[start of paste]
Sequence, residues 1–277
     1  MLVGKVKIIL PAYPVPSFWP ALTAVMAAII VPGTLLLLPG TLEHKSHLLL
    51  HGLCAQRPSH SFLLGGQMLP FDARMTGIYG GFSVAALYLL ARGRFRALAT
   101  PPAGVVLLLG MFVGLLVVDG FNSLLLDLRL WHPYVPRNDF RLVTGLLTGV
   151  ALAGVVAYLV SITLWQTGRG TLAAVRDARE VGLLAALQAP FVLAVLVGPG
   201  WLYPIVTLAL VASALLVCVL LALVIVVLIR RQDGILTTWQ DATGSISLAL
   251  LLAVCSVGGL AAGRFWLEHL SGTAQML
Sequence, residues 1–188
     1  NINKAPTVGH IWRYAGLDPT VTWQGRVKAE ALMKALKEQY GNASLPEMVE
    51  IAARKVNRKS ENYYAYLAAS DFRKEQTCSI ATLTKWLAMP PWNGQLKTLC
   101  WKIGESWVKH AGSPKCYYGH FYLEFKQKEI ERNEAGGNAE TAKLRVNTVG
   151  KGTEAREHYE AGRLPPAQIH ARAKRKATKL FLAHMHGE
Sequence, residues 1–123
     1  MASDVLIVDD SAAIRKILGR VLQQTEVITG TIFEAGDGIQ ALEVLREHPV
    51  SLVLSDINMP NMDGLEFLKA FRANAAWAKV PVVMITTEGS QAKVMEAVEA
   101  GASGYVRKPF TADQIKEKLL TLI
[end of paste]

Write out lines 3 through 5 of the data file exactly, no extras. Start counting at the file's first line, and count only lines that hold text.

    51  HGLCAQRPSH SFLLGGQMLP FDARMTGIYG GFSVAALYLL ARGRFRALAT
   101  PPAGVVLLLG MFVGLLVVDG FNSLLLDLRL WHPYVPRNDF RLVTGLLTGV
   151  ALAGVVAYLV SITLWQTGRG TLAAVRDARE VGLLAALQAP FVLAVLVGPG